PBS Holocaust film chronicles US failure to help Jews


Editor’s Note: This column has been updated to include Sarah Botstein and Lynn Novick as co-creators and directors of the PBS documentary “America and the Holocaust.”

Americans have long trusted Ken Burns to tell our stories: the Civil War, baseball, jazz, national parks, the Vietnam War and country music.

This trust in Burns in this moment of universal distrust is an important part of what we bring to the PBS series “America and the Holocaust,” which Burns co-created and directed with Sarah Botstein and Lynn Novick. Burns focused on difficult stories before, such as the Civil War and Vietnam. But it is perhaps the hardest to hear, especially for worshipers of the so-called Greatest Generation and American Exceptionalists in general.

The story we love to remember from that terrible time, what most of us grew up thinking, the story told in so many movies in the years after World War II, is how we saved the world from the horrors of Hitler and fascism. The Nazis were the bad guys and we were the good guys. It’s this story of complacency that Burns, Novick and Botstein’s film is supposed to correct.

Yes, once we entered the war after Pearl Harbor, we were crucial in winning it and saving what was left of the Jews of Europe. But the story is not so clear cut. As Burns, Novick and Botstein point out, for years we refused to allow the immigration of refugees fleeing Hitler’s genocide and left them to their fate.

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Despite newspaper articles making clear what Hitler was doing to the Jews in the 1930s and even as the Final Solution began to take shape, anti-Semitism was as widespread here as anywhere, as evidenced by polls opposing the immigration and showing that the majority of Americans thought the Jews had planned it.

Prestigious Americans such as Henry Ford, Charles Lindbergh and his sweet wife, Anne Morrow, and the hugely popular Catholic Father Coughlin’s radio shows, supported Hitler’s rise in the 1930s and even during the war.

The PBS Holocaust documentary is much the same as Philip Roth’s novel “Plot Against America” ​​(2004). In Roth’s counterfactual novel, folk hero Lindbergh actually wins the 1941 election against Franklin Delano Roosevelt and rampant anti-Semitism makes America look like 1930s Germany until we’re saved by the bell , so to speak, by the attack on Pearl Harbor.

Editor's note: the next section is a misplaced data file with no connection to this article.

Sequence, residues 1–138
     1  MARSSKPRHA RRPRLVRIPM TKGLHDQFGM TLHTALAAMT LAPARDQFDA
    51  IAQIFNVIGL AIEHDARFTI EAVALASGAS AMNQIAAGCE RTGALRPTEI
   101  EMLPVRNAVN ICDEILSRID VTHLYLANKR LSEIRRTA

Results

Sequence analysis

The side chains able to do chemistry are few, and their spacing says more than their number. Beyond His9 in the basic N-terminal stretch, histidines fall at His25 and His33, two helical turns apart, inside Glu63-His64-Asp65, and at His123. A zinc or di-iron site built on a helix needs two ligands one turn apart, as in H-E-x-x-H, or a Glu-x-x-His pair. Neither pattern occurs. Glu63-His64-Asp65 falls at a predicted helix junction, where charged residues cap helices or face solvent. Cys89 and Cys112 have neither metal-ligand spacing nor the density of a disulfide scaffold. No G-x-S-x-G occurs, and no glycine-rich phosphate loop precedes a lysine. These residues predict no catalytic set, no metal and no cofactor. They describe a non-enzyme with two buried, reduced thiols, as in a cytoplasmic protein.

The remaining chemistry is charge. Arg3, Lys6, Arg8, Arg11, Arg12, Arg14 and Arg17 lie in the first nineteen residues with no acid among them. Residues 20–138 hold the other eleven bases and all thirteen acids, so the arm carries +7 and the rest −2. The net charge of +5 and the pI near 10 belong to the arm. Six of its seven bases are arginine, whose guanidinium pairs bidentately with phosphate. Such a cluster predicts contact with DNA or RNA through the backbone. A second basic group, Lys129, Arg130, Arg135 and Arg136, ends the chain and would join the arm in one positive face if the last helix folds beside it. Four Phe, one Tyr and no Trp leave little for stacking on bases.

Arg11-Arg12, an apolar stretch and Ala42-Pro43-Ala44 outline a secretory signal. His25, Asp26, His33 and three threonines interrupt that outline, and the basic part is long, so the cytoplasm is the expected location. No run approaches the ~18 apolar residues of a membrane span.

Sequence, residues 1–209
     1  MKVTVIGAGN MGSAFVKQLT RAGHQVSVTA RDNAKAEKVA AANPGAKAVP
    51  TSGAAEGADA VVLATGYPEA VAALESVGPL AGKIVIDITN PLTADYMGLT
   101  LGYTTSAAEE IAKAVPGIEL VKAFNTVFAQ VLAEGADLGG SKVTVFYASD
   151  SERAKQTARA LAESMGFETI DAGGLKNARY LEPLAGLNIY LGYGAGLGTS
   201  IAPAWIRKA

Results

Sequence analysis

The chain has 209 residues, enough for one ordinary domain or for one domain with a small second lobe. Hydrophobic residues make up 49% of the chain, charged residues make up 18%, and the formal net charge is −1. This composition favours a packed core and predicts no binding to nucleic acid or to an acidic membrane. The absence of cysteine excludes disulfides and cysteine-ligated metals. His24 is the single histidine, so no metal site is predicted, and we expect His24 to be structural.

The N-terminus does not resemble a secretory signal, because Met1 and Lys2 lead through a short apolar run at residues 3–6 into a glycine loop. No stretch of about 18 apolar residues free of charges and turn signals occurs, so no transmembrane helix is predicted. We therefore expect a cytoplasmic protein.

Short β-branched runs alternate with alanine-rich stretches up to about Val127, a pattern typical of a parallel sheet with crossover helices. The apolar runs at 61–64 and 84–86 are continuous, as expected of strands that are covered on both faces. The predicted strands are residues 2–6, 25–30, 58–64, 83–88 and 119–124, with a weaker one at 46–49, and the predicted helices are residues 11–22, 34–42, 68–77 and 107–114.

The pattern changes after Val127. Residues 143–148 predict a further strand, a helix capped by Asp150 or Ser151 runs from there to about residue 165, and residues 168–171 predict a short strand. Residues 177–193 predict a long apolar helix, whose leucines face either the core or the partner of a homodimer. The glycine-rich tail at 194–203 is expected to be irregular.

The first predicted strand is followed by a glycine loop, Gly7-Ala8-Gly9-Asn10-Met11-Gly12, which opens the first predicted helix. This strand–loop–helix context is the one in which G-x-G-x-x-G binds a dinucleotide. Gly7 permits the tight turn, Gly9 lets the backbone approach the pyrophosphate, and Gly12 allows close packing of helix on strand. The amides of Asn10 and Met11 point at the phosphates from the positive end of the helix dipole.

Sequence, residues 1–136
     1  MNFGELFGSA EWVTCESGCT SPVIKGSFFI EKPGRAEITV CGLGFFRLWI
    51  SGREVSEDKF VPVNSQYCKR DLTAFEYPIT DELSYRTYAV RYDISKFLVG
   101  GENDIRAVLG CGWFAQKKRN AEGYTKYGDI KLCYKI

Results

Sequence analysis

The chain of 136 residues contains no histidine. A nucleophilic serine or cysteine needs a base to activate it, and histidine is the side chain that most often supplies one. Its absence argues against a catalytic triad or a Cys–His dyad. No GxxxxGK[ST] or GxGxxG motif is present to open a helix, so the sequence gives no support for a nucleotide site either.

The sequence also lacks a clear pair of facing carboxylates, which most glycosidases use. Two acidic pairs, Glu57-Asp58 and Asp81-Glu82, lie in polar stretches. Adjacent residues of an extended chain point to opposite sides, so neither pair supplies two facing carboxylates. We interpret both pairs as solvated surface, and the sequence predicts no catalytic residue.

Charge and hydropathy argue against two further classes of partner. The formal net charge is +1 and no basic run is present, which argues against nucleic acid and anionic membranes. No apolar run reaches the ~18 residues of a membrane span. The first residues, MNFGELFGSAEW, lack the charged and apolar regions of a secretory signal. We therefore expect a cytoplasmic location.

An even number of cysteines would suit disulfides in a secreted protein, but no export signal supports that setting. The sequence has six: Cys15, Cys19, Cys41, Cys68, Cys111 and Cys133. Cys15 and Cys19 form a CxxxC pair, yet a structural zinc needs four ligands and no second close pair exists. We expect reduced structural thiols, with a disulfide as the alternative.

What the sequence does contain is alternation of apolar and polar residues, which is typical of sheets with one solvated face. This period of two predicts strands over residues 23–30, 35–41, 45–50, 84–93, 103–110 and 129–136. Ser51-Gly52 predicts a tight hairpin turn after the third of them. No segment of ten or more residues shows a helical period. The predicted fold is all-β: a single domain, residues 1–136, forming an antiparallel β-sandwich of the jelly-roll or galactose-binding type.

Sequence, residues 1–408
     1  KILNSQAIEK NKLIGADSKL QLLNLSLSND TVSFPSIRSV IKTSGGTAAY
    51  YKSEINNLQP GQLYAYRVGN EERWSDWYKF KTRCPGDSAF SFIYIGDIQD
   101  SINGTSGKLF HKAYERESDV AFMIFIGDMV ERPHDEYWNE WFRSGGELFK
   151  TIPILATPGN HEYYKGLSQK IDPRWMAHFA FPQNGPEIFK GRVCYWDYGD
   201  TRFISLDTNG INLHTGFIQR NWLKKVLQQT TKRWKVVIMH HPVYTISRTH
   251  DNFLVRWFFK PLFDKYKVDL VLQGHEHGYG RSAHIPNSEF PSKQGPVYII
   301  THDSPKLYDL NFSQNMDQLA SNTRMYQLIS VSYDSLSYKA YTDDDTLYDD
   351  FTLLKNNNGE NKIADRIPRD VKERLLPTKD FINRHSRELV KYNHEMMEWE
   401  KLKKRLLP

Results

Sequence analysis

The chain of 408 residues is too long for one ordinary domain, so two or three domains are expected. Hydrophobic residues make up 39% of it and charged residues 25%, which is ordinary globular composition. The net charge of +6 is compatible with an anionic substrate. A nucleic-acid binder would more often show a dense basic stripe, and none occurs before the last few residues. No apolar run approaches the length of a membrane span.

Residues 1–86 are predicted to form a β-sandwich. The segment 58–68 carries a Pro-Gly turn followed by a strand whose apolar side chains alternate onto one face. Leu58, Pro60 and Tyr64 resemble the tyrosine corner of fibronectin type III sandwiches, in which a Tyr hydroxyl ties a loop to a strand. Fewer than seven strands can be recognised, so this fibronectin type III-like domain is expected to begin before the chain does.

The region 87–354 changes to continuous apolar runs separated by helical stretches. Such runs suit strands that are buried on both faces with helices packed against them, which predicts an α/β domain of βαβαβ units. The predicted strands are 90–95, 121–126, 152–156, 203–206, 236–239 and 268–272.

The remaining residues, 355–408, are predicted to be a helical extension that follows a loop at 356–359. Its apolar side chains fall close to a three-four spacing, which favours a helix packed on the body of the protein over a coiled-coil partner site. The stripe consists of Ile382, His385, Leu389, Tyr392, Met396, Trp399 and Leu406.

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Since we know the true history of this period, what really happened – that Roosevelt won the presidential election of 1941 and continued to push the United States to come to the aid of our allies and defeat the fascists – why bother telling the counter-story?

The answer is: because the counter-story is, in many important ways, a truer story than the version we, as victors, told. (“‘History is written by the winners.’ – Winston Churchill.)

We have long been accustomed to being told the importance of remembering the history of the Holocaust as a cautionary tale, ‘lest we forget’ the depth of depravity of which all humans are theoretically capable. . Holocaust denial is a crime in many countries.

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But the documentary is not only about what they did, an ocean away, but about what we did, our failure. Our role in the Holocaust.

It’s a very hard story to hear, to watch. In fact, I’m surprised that extremists in the GOP, our white supremacists, Tucker Carlson, and the rest of the right in this country haven’t loudly boycotted or tried to ban “America and the Holocaust.”

Why haven’t the anti-Critical Race Theory folks been out in force declaring the show, like the truth about our history’s chapter on slavery, unacceptably bad for our morale? Or simply dismissed as “fake news”? (My online foray turned up no such thing on the first two pages of Google search results.)

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He speaks reassuringly about the health of what remains of our troubled democracy that the PBS series took to the fore for a few days to be watched by millions.

Burns, Novick and Botstein are not content to simply leave implicit the parallels between their history and our current drift towards fascism. The series ends with footage from 2017 of the Charlottesville torch-carrying crowd shouting, “Jews won’t replace us,” and the 2018 attack on the Tree of Life Synagogue in Pittsburgh. A clip from the January 6 attack on the US Capitol shows a man wearing a “Camp Auschwitz” sweatshirt.

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The history of that time has not been written. There are no anticipated conclusions. In the midst of it all, still creating it (part of the problem or part of the solution, as Eldridge Cleaver so aptly put it), without the benefit of hindsight, we don’t know how it will turn out.

But with an upcoming election that could well play a huge role in setting the next chapter in this story, the timing of the PBS Holocaust series couldn’t be more fitting.

Brent Harold, Cape Cod Times columnist and former English teacher, lives in Wellfleet. Email him at [email protected]

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